I’ve always been the type of person who needs to be busy doing something at all times. I can’t sit still and I hate silence. I’m productive on days off, even if that consists of sitting on the couch, watching hours of television, I still have a laptop or a tablet in my lap, working on something else. It wasn’t until I hit a drought of work at my job, that I realized just how much my body hates not doing anything.
It started to slow down just before the new year hit. This is when I started to offer to help others. I could fill up my time assisting with various tasks; but when it slowed down for everyone else, I stopped asking. I sort of retreated into my office to try to pass the time alone.
This is the point when I noticed I was anxious at random parts of the day. Usually anxious while in the bathroom, or on a crowded subway car, I started to think about what changed in my life, or if it were something in the future I was worried about, or if my occasional claustrophobia was somehow becoming more prominent.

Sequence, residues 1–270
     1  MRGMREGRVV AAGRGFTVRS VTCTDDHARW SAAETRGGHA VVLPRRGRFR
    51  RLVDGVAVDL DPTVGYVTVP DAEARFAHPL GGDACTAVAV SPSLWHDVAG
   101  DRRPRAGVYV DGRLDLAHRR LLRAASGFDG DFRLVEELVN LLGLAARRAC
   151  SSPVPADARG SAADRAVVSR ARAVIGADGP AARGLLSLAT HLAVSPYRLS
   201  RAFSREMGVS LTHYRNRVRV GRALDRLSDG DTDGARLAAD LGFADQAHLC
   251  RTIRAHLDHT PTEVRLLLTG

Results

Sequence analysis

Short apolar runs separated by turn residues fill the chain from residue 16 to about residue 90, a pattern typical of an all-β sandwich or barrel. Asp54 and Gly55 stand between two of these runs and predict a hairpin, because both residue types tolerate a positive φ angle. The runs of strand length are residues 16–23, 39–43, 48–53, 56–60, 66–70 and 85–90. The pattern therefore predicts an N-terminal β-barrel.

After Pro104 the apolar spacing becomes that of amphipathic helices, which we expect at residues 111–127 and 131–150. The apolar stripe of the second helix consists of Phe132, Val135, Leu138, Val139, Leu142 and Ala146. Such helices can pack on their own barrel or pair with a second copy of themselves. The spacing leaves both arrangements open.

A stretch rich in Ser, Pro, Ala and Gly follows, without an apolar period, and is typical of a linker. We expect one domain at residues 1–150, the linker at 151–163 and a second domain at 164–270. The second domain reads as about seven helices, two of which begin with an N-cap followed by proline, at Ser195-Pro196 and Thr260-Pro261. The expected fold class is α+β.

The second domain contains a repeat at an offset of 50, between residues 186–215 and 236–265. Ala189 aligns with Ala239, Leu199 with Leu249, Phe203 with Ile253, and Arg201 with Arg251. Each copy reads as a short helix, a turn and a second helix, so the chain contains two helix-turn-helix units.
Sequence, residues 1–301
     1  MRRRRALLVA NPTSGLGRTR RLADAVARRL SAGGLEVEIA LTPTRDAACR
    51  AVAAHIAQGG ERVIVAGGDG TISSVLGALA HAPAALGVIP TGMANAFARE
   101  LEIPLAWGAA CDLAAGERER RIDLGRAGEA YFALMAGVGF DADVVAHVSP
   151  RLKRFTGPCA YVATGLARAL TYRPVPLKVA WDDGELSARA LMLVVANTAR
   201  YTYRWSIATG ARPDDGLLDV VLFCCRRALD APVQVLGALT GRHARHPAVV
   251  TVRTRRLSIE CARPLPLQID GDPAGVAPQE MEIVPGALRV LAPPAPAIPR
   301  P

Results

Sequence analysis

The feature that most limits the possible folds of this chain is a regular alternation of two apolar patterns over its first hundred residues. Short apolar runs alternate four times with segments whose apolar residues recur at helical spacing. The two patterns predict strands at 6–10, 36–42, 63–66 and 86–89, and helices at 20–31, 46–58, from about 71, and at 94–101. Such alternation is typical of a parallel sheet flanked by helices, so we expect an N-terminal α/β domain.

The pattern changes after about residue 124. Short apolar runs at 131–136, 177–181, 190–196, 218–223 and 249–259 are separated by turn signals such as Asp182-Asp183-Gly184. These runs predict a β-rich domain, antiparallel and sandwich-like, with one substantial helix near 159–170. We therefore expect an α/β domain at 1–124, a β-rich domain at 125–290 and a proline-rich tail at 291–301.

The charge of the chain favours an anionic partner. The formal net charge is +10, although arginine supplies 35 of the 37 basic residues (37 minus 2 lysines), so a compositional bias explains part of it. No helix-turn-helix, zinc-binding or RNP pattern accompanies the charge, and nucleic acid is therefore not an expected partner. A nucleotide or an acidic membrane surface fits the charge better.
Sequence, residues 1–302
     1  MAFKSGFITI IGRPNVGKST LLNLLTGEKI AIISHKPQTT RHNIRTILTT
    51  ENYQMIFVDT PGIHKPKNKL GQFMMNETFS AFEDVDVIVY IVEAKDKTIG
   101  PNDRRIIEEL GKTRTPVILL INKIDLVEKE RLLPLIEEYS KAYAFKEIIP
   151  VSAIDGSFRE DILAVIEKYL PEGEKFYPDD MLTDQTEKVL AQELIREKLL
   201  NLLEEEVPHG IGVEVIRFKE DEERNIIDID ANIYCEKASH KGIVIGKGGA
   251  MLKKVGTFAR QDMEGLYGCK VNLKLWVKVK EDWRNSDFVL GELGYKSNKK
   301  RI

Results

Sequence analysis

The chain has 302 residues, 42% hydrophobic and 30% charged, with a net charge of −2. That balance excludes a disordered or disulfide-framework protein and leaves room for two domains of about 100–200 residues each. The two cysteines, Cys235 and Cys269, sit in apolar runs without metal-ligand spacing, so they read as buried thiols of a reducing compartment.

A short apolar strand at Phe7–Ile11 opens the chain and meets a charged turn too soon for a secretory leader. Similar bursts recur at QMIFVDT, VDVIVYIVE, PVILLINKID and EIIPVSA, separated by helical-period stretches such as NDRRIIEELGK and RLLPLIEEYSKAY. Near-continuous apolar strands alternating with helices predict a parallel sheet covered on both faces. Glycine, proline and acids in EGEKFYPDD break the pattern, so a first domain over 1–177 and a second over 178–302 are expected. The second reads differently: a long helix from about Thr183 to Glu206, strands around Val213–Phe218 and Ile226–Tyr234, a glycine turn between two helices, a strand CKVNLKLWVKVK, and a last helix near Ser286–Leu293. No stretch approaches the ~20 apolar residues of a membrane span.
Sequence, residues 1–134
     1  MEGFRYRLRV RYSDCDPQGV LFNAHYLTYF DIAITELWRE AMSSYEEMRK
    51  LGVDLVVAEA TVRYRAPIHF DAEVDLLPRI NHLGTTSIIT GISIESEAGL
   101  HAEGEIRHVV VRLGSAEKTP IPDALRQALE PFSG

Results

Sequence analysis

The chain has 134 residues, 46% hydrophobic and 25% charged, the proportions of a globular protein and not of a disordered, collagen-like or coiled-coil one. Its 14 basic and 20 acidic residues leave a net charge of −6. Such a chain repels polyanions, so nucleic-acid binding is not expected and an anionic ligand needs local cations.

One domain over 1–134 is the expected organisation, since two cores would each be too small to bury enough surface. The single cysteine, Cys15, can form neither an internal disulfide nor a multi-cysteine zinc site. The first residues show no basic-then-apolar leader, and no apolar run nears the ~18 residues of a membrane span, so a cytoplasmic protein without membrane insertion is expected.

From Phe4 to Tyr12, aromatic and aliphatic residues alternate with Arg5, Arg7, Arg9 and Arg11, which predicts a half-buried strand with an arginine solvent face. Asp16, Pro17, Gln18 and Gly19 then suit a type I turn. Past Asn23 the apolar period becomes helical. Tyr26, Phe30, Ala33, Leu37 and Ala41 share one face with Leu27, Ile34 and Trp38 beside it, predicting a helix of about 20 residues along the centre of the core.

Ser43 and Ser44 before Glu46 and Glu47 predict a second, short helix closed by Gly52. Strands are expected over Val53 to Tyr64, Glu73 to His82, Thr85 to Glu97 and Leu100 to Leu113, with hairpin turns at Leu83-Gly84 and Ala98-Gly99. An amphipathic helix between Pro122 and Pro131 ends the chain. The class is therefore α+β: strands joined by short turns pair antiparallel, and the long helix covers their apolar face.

I had a few panic attacks in the past, but nothing like this. This was different. This seemed to be happening in the same places for short periods of time, and then it was over. Little moments of panic.
Derealization or depersonalization occurs when you persistently or repeatedly have the feeling that you’re observing yourself from outside your body or you have a sense that things around you aren’t real.
I realized this is what it was. The lack of work and social interaction forced me to spend too much time in my own thoughts, which can definitely trigger something like this. The amount of time I was bored during the day, or trying to find ways to be productive was starting to get to me.
Knowing what it was helped get me back on track. I read what some other people did to counter this — shaking up your routine and changing your surroundings helps. Being more active, exercising more, and socializing more were also key into making things feel real again.